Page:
I read recently that a number of universities have introduced compulsory “consent lessons” for new students. For new male students. “Lessons” in what “consent” means when it comes to sex, as apparently we are living in a rape culture. Really? I had to check the date to make sure it wasn’t the 1st of April.

It seems that the universities are now so enslaved by the extreme feminist paradigm that they are prepared to treat all men as potential rapists. It’s deeply insulting to the vast majority of men, not to mention sexist. Its blind stupidity is breathtaking.

One excuse I heard proffered for these so-called lessons is to target students who have come from single-sex faith schools. Well, a more eloquent argument against such schools I have yet to hear. Anyone with a brain knows that the three monotheisms treat sex and sexuality as depraved and dirty, so it’s no wonder that some people emerge from such an upbringing with a warped view of sex. But this is no excuse to tar every man with the same dirty brush. Fuck. Off.

I don’t doubt that the fight for women’s equality still has ground to cover, and that the struggle up to now has been a noble one which has rightly enjoyed successes. Modern feminists do their cause no good at all by indulging in extremism. They claim they are still oppressed yet refuse to support their sisters battling for equality in other cultures and countries where women really are suffering. In fact, they excuse such practices on the ground of cultural difference; to deny otherwise is apparently imperialist. I’ve another word for it: racist.

I admit it, I’m a man. And worse, a white heterosexual man. And I don’t need lectures from feminists in how to behave thank you so much. If I’d been going to university now, I would refuse to attend these “lessons” on principle.

Trump’s An Idiot, But Let Him Speak


I see there’s a petition going round to ban Donald Trump from entering the UK because of his anti-Muslim views. I refuse to sign it.

I don’t agree with Trump and never will, but he’s entitled to his opinions and to express them, however repellent they are. That is what free speech is. Banning someone from speaking is wrong, it will give him spurious legitimacy. It’s also childish. Let him speak, then criticise him, debate, argue, show him up for the ignorant bigot he is.

Censorship is no answer to this. It’s yet another example of “free speech is OK, but”. No, there are no buts. Continue down this road and soon we won’t have free speech. It’s supposed to be one of the core western values. We should not circumscribe it so readily.

So Long, It Hasn’t Been Good To Know You


The recent news of the departure Stoke-on-Trent City Council’s controversial chief executive John Van de Laarschot was very welcome and long overdue. It wasn’t a surprise: the council changed hands after the May 2015 elections and new leader Dave Conway was a frequent critic of Van de Laarschot while in opposition.

The departure was a costly one. After several weeks on fully paid gardening leave, he was given a Golden Fuck Off of almost a quarter of a million pounds. And this after a five year tenure that wreaked havoc on the council, ruining successful services and causing staff to leave in unprecedented numbers. This obscenely overpaid and arrogant little man should have been sent packing years ago – there were opportunities, but former leader Mohammed Pervez lacked the balls. Better late than never, I suppose, and good riddance to extremely bad rubbish. A pity it took so long and cost us so much.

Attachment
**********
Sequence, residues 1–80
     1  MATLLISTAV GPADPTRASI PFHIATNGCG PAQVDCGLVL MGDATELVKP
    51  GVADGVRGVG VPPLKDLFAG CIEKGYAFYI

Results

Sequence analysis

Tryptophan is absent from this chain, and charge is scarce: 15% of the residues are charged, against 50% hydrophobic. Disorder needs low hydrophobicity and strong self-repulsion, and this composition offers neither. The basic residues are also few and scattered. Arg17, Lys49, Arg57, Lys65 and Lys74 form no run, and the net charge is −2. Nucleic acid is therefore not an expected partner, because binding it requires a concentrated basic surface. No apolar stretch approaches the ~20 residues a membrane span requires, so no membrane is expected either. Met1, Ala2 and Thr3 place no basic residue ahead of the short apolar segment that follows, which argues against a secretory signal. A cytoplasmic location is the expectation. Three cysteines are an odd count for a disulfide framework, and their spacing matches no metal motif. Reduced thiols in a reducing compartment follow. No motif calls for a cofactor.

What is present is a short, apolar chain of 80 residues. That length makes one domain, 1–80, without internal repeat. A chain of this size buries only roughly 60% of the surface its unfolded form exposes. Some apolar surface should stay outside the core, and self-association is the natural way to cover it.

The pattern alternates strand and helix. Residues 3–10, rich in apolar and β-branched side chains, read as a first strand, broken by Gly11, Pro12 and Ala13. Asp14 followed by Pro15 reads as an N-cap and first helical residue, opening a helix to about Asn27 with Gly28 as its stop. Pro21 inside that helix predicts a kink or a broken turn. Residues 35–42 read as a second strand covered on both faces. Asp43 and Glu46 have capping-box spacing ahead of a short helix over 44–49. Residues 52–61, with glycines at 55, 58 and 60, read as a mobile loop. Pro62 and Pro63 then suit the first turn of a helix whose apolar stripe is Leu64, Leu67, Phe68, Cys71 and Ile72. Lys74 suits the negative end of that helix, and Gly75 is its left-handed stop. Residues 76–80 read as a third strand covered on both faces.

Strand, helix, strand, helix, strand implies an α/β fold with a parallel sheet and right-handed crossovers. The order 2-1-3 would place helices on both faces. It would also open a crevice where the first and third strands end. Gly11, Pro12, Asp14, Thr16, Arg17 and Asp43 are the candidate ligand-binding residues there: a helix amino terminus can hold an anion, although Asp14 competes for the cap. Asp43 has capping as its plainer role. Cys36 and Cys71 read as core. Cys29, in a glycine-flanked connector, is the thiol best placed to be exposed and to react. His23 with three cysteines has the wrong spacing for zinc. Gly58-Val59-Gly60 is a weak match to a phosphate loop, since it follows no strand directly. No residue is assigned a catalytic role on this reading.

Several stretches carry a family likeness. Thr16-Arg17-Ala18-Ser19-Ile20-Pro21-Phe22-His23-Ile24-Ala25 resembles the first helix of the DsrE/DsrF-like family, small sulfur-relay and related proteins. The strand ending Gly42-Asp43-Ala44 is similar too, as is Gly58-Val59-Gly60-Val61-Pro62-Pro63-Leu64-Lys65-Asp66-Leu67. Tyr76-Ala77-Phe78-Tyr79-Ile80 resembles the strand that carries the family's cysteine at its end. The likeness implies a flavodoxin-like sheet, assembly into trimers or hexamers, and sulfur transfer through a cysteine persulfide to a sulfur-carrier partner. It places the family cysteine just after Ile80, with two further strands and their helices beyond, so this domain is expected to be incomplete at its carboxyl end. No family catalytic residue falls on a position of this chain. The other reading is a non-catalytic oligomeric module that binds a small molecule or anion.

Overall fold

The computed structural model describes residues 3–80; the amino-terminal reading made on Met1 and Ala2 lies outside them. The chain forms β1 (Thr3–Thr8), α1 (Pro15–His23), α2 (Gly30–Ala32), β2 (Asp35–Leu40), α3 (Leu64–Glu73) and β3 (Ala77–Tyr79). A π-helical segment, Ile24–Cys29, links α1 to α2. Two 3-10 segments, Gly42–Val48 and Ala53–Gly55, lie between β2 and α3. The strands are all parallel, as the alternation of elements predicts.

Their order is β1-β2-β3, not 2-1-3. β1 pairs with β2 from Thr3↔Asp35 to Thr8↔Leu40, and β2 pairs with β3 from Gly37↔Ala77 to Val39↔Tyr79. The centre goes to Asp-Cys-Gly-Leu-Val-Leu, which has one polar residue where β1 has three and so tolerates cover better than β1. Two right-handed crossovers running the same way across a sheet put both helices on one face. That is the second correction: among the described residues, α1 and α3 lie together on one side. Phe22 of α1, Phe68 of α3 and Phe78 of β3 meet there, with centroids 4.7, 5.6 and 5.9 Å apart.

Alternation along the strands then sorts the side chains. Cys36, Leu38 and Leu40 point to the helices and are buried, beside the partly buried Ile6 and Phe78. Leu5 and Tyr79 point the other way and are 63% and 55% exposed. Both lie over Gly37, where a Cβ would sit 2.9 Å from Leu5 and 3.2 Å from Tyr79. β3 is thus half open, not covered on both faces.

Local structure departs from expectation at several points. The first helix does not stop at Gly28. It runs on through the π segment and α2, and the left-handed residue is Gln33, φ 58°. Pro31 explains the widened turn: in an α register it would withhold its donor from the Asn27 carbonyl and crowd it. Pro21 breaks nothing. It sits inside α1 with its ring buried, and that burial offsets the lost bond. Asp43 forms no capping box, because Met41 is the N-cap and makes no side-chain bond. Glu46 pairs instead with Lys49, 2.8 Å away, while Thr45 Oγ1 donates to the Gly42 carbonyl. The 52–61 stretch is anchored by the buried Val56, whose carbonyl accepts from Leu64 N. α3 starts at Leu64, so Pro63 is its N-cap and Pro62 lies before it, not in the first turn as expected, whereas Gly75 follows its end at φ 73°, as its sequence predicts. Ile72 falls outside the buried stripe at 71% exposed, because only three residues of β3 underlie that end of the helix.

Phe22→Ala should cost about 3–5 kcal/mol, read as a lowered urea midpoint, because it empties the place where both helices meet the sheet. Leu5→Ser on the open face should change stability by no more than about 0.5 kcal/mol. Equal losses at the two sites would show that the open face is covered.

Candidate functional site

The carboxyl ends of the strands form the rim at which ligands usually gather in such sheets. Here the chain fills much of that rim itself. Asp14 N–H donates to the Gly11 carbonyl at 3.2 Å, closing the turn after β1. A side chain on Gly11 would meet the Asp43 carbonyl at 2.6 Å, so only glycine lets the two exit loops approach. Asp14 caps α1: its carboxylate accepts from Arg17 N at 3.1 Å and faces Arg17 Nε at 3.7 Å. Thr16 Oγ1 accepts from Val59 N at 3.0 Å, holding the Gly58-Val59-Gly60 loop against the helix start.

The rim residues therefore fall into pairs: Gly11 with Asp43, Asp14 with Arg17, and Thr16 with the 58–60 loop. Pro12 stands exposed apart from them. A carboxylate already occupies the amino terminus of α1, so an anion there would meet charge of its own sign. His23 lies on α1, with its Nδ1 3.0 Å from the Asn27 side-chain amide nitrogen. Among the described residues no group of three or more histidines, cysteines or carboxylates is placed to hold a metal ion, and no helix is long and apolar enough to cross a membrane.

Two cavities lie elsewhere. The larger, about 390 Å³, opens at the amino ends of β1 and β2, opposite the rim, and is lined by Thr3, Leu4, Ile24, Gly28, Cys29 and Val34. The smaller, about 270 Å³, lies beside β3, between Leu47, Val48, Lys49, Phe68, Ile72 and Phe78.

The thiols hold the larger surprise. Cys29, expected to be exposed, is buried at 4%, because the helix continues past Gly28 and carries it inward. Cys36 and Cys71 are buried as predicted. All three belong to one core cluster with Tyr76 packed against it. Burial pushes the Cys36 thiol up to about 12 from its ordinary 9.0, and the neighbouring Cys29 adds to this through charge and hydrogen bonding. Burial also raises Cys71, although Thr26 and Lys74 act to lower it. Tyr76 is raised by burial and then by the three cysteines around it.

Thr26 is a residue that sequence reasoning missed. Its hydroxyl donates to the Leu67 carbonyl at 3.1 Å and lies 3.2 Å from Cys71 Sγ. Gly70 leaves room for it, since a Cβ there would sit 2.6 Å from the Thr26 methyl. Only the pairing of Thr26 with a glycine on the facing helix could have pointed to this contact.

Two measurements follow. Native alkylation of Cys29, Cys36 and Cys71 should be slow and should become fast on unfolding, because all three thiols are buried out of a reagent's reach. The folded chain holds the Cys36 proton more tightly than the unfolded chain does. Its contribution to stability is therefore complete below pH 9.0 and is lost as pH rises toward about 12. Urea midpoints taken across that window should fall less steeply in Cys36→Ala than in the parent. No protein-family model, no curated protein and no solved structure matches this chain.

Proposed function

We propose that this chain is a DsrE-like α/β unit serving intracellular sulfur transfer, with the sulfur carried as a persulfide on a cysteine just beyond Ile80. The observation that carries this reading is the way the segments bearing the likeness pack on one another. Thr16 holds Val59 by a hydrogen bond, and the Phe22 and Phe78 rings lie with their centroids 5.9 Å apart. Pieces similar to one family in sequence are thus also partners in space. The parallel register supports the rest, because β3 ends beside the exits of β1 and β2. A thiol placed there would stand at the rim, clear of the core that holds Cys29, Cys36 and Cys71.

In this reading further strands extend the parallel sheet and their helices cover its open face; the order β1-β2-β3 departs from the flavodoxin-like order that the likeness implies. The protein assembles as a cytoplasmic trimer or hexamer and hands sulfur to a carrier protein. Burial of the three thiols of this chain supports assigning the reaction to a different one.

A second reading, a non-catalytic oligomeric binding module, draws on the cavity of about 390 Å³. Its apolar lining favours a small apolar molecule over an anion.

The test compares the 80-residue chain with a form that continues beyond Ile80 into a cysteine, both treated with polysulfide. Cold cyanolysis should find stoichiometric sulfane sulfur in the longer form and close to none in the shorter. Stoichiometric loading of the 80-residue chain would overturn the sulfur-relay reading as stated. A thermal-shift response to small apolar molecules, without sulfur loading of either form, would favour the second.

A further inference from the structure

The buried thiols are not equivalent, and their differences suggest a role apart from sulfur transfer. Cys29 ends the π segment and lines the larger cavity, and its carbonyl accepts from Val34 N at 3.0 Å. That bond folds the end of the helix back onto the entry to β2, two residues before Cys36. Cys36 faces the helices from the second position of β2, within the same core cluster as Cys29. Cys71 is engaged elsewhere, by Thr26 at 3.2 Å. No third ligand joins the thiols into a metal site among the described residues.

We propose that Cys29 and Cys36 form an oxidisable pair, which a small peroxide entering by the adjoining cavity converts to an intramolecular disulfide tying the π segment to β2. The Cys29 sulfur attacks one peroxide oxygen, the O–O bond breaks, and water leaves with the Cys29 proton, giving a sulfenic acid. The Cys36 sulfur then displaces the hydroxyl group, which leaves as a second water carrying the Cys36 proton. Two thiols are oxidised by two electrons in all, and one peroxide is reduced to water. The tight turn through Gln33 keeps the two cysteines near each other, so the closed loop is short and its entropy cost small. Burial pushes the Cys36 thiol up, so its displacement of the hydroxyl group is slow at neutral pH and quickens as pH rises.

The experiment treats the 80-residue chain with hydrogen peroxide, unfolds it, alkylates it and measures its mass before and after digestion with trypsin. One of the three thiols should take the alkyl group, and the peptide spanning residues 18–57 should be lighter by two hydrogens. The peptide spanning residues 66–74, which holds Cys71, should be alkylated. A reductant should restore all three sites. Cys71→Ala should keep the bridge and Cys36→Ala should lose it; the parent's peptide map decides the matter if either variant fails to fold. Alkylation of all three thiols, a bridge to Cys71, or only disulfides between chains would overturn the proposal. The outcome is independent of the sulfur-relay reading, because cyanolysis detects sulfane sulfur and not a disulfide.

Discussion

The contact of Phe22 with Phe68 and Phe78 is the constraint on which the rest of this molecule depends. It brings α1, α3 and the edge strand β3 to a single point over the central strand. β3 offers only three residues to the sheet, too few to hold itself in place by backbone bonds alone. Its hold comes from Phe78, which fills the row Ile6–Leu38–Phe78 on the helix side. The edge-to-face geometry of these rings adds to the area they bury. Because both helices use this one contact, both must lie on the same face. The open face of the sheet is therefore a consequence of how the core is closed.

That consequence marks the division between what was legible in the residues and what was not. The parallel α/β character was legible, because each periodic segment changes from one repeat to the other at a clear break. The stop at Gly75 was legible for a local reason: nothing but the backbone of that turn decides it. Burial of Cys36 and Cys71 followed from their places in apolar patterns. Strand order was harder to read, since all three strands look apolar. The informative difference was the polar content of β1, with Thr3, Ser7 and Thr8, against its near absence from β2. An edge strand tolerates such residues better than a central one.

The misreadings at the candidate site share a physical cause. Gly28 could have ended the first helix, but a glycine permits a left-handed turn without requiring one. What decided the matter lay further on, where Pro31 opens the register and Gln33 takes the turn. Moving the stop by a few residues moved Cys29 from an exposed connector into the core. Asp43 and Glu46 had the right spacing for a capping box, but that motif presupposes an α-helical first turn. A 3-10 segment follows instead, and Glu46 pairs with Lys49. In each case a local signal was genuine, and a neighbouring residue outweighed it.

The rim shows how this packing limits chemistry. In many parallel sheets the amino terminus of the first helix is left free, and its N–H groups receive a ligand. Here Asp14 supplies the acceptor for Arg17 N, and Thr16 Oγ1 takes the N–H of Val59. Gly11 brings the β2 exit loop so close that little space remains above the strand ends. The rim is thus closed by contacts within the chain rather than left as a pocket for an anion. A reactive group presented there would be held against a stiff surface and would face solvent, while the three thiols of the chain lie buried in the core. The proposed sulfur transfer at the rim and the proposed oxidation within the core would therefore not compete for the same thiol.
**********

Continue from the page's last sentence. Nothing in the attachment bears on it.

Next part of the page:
The Hardest Word


The song says
Sorry seems to be the hardest word,
But on days like this
It’s the one most needed and
The most inadequate.
It’s the only word I can offer
Though I know it won’t,
Can’t fill the void created,
Ease the pain
Or dry the tears,
I know this, but
It’s still the only word,
And I’m sorry,
So I step back with head bowed
And lay it, gently,
As a flower on a stone.

Conformity Is Not Freedom


I read that there is a campaign to have a TV presenter sacked for not wearing a poppy. It turned up on my Facebook feed the other day, and I immediately blocked it. This is not normally an issue I have any problem with, but this year, in solidarity with others, I will not be wearing one either.

I have never heard of the presenter in question, and do not know her reasons for not wearing the poppy. But that surely is her choice, and as such, is no one else’s business. To suggest that she be sacked for it is obscene. But you have to, people whine, otherwise it’s disrespectful of those who died in wars, who died to protect our country and its way of life. Really? Have we really become that intolerant and stupid?

I’ve studied history, so am well aware – perhaps more so than some of the campaigners – of what my grand-parents’ generation did in World War II. Our way of life faced an existential threat, and they fought to protect it. That is not in dispute. However, these campaigners seem to have little real grasp of just what “our way of life” actually is. Surely what was fought for was our freedom, and that must include freedom of thought, speech and expression. If it is qualified to being only free if you conform, do what everyone else does, because it’s expected, the “done thing”, then that is not freedom. Where is the freedom to dissent? That is an essential part of living in a free country.

Let us not forget that it was service personnel in 1945 who played a large part in electing the Labour government, on a radical platform to transform society. That generation had fought and now wanted payback for their sacrifices. Did they really fight so everyone must unthinkingly conform and be penalised for not doing so? I certainly hope not. To suggest otherwise, as these campaigners are, is to do their memory a disservice. It is they who are disrespecting the fallen, not this TV presenter. Shame on you all.

Moving On, and Other Clichés


I’ve drawn a line.
It’s not thin or red
Or scraped in sand
But it’s a line,
And I’ve drawn it.

And after the line
There will be a fence
More than rabbit proof,
It will be high,
Submitted with barbed wire.

And after that a wall
With guards and dogs and guns
And nowhere to pass through.
No turning back now,
I’ve drawn my line.

Now let’s see it hold.

Nick Cohen: Writing from London